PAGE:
In today's cartoon, Michael P. Ramirez brilliantly illustrates the nonsensical idea that stealing private property is equivalent to "reparations".
- For over 45 years, two-time Pulitzer Prize winning editorial cartoonist Michael P. Ramirez has been making America laugh while offending those in power. A collection of t-shirts are available HERE, and selected limited, signed glicee prints may be ordered securely HERE. Everything is printed in the U.S.A. If you love today's cartoon, let us know in the comments, and check out michaelpramirez.com for archives, new print requests, and to message Michael.
John O. McGinnis, in an excerpt below from the City Journal, compares the looting and crime on Chicago's "Miracle Mile" to Rome's sacking by Vandals, as proper governance lies in ruins. He notes that the looters were more organized than the authorities, supposedly in charge of law and order:
The Social Order"Riding in trucks and U-Hauls, vandals came to downtown Chicago on Sunday. They jammed streets around the Magnificent Mile, home of the city’s most important shopping district. They came prepared with tools like crowbars to pry open gates and take all the merchandise that they could pack. It was a strike directed at the heart of the city.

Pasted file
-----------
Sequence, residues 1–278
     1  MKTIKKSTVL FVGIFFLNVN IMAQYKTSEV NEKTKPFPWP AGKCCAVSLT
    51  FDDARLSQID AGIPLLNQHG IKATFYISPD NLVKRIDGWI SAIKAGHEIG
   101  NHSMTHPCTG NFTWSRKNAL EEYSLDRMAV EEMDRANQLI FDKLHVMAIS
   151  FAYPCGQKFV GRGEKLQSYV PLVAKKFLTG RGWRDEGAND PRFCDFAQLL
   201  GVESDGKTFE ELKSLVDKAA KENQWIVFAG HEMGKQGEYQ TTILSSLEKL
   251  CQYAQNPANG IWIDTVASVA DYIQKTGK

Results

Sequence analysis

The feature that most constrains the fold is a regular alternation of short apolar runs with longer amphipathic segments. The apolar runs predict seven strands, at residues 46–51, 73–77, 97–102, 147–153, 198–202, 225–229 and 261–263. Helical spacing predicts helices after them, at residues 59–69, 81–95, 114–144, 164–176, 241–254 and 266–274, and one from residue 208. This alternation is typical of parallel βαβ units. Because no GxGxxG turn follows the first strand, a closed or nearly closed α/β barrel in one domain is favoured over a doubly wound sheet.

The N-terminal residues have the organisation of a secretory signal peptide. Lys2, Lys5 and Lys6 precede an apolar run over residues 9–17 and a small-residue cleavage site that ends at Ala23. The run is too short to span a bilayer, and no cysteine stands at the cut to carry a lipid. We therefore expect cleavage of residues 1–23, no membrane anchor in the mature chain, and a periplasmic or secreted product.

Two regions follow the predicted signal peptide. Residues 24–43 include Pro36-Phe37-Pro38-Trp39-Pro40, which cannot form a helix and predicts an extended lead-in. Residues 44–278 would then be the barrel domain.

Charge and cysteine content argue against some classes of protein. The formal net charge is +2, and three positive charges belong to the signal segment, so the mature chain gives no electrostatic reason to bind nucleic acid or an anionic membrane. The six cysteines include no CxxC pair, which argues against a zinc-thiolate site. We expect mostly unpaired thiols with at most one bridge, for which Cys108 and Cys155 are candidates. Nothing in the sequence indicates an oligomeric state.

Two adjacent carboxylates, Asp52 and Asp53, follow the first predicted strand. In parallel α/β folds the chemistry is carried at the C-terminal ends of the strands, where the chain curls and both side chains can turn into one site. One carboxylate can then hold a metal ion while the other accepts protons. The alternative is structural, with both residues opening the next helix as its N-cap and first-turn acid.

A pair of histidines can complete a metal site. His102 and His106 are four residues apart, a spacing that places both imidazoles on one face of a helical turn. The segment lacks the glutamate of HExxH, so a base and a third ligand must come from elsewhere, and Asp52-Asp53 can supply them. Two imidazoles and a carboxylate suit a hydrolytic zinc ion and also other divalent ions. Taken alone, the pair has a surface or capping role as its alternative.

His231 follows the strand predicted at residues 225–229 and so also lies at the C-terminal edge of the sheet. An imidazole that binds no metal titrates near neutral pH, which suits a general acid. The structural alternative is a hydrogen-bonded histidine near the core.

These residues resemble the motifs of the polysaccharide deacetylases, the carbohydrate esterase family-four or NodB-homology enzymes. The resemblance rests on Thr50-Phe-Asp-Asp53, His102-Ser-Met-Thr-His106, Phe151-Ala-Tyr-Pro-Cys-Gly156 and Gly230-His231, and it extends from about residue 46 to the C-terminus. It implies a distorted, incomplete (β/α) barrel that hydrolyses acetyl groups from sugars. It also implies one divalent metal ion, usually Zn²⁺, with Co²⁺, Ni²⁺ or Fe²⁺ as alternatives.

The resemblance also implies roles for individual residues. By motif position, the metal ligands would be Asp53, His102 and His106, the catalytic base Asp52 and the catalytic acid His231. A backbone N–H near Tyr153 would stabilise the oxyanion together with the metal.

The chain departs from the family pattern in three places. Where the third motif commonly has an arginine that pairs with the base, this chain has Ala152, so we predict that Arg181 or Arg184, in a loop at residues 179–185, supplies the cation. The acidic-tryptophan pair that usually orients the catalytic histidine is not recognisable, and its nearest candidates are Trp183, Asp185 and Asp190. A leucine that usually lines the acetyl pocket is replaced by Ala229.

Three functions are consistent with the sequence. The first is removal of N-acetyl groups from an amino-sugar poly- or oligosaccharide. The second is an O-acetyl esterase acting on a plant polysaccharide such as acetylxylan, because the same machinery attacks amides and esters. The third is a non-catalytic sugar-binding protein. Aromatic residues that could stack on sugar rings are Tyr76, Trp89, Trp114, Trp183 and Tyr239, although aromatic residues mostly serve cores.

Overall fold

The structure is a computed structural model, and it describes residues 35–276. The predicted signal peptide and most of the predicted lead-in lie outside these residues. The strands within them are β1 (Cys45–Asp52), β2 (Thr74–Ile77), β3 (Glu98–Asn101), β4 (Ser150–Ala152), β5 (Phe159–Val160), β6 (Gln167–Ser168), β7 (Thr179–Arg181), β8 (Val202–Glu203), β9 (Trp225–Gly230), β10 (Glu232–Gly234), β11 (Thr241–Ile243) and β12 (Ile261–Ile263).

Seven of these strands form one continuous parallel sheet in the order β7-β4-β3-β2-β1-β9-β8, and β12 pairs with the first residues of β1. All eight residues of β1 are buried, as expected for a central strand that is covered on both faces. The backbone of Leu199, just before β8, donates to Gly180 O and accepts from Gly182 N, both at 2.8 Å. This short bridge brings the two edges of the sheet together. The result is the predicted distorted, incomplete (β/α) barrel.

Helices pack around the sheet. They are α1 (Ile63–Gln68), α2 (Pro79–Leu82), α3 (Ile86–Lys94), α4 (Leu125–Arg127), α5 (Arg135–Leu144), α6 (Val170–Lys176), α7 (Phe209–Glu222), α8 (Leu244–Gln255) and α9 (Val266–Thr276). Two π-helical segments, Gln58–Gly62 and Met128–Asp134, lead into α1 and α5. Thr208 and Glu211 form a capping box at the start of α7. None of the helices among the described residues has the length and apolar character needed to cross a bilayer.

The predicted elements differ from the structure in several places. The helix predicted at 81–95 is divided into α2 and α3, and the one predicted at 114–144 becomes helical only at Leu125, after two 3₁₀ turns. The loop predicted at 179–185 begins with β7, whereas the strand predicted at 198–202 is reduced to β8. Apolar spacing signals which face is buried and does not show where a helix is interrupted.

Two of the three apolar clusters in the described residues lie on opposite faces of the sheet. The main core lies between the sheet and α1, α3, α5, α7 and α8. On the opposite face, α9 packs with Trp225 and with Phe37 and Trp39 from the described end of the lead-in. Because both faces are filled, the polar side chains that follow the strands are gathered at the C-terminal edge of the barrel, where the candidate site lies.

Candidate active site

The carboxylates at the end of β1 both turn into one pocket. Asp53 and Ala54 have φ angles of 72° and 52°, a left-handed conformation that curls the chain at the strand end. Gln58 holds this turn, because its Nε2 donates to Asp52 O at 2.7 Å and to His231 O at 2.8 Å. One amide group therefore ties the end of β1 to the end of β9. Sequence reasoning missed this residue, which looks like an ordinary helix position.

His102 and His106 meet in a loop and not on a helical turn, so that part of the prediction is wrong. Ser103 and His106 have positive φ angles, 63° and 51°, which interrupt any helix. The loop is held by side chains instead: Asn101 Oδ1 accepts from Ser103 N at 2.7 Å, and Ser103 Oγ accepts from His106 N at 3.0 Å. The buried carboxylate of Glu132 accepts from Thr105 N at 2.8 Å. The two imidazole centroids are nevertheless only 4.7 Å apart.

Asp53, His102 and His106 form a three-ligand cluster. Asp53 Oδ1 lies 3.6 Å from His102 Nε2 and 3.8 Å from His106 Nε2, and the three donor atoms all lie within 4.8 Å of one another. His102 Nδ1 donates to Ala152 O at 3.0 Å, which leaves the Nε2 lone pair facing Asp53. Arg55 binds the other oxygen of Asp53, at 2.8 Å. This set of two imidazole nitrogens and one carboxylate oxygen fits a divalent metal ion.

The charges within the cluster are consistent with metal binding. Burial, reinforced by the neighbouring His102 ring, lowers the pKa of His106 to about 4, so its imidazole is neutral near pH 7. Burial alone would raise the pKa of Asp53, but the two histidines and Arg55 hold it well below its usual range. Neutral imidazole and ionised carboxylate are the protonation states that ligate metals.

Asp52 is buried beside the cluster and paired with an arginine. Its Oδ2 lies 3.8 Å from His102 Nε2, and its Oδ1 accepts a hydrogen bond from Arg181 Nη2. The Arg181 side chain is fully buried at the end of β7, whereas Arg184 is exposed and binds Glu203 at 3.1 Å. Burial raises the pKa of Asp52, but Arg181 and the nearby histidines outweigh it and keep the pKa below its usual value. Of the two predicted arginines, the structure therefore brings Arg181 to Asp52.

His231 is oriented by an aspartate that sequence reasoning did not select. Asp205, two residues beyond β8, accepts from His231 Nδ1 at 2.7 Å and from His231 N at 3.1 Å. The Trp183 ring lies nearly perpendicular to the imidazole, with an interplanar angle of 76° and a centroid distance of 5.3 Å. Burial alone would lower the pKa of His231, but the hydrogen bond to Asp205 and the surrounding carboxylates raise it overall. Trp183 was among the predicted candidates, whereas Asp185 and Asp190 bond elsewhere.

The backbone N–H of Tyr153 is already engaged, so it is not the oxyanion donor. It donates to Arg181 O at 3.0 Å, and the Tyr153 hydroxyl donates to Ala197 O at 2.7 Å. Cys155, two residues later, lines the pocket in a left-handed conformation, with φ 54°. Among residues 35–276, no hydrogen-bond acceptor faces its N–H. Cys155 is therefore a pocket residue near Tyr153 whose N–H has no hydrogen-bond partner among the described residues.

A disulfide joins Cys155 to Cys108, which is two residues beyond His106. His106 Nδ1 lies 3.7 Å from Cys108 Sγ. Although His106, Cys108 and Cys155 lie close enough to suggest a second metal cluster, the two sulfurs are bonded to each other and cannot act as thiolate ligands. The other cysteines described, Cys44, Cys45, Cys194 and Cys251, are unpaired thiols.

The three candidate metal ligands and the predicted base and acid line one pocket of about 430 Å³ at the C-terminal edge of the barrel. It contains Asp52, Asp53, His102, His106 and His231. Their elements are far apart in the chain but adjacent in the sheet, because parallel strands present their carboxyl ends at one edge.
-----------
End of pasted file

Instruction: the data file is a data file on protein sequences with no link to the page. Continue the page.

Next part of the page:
While the vandals were organized, the police were not. Earlier in the day, a policeman had returned fire and wounded a suspect. False rumors spread that the suspect was an unarmed juvenile. Crowds gathered; social media lit up with menace. But the police did not deploy in force until looters flooded into places with the most valuable goods.
The sacking of Chicago’s North Side was more than a tactical failure. For months, key officials—the state’s attorney responsible for prosecution, the mayor, and the governor—have failed to condemn criminals sufficiently or act with necessary force against such violence. They have contributed to a culture of impunity that tolerates mobs and hoodlums.
Kim Foxx, the state’s attorney for Cook County, has already become nationally notorious for refusing to prosecute Jussie Smollett, the actor who lied to the police that he was a victim of racial violence. But her offenses against public order are far worse than her condoning of a provocateur who tried to fracture the city with a falsehood. Foxx has dismissed felony cases brought by the police at a rate 35 percent higher than her predecessor. She raised the threshold for felony shoplifting from $300 to $1,000—and as a result, thieves steal brazenly in broad daylight as well as under cover of darkness. Chicago police chief David Brown suggested that Foxx’s failure to prosecute looters from the previous sacking of the city in June was partly responsible for emboldening the current round of looting."
McGinnis lays the failure to protect property at the feet of Mayor, Lori Lightfoot, state's attorney for Cook County, Kim Foxx, and Governor J. B Pritzker. It's a great essay and you can read the rest HERE